Bernie Sanders Makes a Campaign Mark. Now, Can He Make a Legacy? – New York Times

Congressional candidates who speak of “liberating the American underclass” are flush with campaign donations. The likely Democratic presidential nominee has not only moved to the left on a range of issues, but now routinely rails against the influence of “big money.”

There are plenty of signs that Senator Bernie Sanders of Vermont has left a mark on the political moment. But some liberal Democrats are beginning to worry that as Mr. Sanders continues his quest for the nomination, his chance to build a lasting legacy may be slipping away.

Liberals who remember watching with fear and awe how the Christian Coalition rose from the ashes of Pat Robertson’s 1988 campaign — using his mailing lists and leftover cash to build a grass-roots organization, publish conservative voter guides and promote candidates at every level — are asking when, or if, Mr. Sanders will help do the same for the left.

Far from laying the foundation to transform his campaign into a movement, Mr. Sanders is wrapped up in the race itself, sharpening his attacks on Hillary Clinton and demanding she debate him before the June 7 primary in California. And many of his supporters are following his cue.

In an ugly series of events this month that, if nothing else, showed how difficult they may be to herd, Sanders supporters disrupted the Nevada Democratic convention and later threatened the state party chairwoman in a fight over delegates.

“He has the greatest appeal of any progressive candidate we’ve seen probably since Teddy Roosevelt, but that has to be converted into an on-the-ground machine that delivers,” Howard Dean, the former governor of Vermont who ran his own insurgent campaign for the Democratic nomination in 2004, said about Mr. Sanders. “There have to be candidates who are supported. There have to be issues that are put forward. There have to be opportunities to put pressure on legislators. That is not the same thing as a political campaign.”

Thus far, Mr. Sanders has offered little support for a broader progressive movement, beyond using his email list to solicit money for a handful of congressional candidates, including Washington State’s Pramila Jayapal, New York’s Zephyr Teachout and Nevada’s Lucy Flores.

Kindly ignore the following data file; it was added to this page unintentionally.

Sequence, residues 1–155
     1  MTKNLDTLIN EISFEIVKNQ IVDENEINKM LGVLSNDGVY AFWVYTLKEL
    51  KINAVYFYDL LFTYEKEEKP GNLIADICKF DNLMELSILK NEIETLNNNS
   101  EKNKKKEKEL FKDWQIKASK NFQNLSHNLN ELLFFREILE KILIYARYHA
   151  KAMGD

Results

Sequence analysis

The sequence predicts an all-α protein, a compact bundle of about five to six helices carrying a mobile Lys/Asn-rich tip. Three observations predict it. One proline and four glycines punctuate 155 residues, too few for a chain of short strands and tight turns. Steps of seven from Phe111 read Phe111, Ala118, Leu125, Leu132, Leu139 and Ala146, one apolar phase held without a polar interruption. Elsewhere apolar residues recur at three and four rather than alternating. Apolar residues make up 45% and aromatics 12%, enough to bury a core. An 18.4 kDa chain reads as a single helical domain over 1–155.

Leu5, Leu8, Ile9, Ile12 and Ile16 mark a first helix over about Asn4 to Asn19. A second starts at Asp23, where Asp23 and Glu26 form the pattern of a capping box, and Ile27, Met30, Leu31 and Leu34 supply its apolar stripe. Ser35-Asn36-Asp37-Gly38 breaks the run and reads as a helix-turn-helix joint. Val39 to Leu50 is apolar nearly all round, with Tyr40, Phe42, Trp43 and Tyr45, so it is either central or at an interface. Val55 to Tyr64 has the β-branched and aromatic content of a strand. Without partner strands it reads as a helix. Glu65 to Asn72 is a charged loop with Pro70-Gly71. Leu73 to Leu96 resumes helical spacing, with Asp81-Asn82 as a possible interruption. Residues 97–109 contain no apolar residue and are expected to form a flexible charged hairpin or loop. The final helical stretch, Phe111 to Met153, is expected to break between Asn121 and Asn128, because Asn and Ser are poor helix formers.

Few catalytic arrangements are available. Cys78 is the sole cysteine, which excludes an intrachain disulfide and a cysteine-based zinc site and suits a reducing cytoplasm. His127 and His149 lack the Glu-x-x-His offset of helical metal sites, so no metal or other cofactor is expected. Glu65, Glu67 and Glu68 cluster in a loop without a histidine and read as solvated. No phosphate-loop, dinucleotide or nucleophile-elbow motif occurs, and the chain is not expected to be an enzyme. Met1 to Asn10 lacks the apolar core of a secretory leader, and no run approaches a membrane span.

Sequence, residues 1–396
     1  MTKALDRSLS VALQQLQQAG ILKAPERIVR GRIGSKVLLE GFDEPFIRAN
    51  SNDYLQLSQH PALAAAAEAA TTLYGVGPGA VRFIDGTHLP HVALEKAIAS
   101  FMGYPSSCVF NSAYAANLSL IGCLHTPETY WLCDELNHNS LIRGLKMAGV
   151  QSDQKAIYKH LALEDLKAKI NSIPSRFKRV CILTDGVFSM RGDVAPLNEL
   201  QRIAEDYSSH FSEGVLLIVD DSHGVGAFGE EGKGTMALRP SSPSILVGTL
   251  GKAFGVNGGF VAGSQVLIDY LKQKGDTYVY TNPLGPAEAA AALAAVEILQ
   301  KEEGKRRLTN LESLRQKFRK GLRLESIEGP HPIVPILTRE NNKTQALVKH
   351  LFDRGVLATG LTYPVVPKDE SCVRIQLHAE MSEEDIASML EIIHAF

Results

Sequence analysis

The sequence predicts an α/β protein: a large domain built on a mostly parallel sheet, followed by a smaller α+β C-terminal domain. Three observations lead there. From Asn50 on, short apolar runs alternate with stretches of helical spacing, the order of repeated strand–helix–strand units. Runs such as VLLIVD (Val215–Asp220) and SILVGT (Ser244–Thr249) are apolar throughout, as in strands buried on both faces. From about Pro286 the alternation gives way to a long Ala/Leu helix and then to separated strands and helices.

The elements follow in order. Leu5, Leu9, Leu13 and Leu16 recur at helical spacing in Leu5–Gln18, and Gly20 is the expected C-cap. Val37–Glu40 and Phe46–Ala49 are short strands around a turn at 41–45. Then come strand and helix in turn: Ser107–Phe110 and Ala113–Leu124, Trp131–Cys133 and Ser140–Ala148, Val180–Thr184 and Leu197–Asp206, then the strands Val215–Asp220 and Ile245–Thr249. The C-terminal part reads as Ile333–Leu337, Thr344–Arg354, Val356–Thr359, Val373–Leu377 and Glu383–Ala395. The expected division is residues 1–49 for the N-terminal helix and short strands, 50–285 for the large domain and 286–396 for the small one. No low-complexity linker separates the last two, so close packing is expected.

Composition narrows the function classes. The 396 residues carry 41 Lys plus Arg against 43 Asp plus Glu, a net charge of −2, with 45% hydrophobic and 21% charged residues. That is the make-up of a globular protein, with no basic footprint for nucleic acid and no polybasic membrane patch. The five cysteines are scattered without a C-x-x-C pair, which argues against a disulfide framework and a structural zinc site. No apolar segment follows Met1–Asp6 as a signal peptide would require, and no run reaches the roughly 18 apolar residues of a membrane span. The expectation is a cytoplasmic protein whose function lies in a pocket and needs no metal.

Even if he does try to redirect the energy behind his candidacy into a new liberal organization, the task may not be easy. His campaign has brought together disparate individuals and volunteer groups that might be inclined to go their separate ways after the primary. His regular diatribes against the influence of big money in politics could make it awkward, if not impossible, for him to raise money from wealthy liberals.

And Mr. Sanders himself does not have a reputation for leadership; in Congress, he is seen as more of a lone wolf, known more for introducing symbolic legislation than for methodically building constituencies.

Mr. Sanders, who declined to be interviewed, has offered few hints about his post-primary plans, saying that he remains focused on winning the nomination, even taking the fight to the party’s convention in July.

A group of former Sanders campaign workers and volunteers circulated a document last week urging him to suspend his presidential bid after California, and to turn his attention to building a liberal organization whose first effort would be to help defeat the presumptive Republican nominee, Donald J. Trump.

The group compared Mr. Sanders’s situation to that of Barack Obama after he energized millions of supporters during his 2008 campaign. They said that Mr. Obama subsequently failed to capitalize on the opportunity to change “the distribution of power” in America, and they warned that Mr. Sanders could wind up following in his footsteps if he does not move swiftly.

Calling it a crossroads, the authors wrote, “Does Bernie Sanders and his campaign facilitate the growing voice of a new generation of activists?”